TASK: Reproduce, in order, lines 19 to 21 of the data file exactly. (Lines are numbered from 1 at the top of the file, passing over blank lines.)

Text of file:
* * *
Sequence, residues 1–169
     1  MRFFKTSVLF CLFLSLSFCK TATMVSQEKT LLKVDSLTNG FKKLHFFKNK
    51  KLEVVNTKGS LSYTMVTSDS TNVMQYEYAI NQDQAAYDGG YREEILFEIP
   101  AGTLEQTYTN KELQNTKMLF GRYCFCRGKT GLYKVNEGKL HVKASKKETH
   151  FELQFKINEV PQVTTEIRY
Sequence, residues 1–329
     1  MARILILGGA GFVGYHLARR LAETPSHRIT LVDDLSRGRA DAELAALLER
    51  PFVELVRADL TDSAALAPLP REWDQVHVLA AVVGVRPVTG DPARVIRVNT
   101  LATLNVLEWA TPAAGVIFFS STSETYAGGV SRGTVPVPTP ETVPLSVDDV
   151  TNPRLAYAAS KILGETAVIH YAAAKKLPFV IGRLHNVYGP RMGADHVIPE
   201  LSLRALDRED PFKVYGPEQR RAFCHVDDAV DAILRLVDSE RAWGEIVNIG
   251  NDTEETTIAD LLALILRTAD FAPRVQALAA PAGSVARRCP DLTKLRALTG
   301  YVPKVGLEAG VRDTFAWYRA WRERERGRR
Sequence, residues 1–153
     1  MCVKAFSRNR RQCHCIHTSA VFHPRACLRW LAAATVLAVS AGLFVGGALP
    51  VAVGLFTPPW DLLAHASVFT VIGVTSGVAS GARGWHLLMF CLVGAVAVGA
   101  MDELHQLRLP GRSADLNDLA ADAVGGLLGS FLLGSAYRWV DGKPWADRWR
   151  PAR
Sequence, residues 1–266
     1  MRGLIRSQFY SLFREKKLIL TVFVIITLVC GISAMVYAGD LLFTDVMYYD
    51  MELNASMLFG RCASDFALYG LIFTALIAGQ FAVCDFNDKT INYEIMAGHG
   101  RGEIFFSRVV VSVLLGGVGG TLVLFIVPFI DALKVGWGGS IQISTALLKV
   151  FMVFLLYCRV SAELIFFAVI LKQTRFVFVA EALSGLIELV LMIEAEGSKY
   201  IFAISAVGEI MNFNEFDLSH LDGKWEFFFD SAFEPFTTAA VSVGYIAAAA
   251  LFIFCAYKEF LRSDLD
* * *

Sequence, residues 1–266
     1  MRGLIRSQFY SLFREKKLIL TVFVIITLVC GISAMVYAGD LLFTDVMYYD
    51  MELNASMLFG RCASDFALYG LIFTALIAGQ FAVCDFNDKT INYEIMAGHG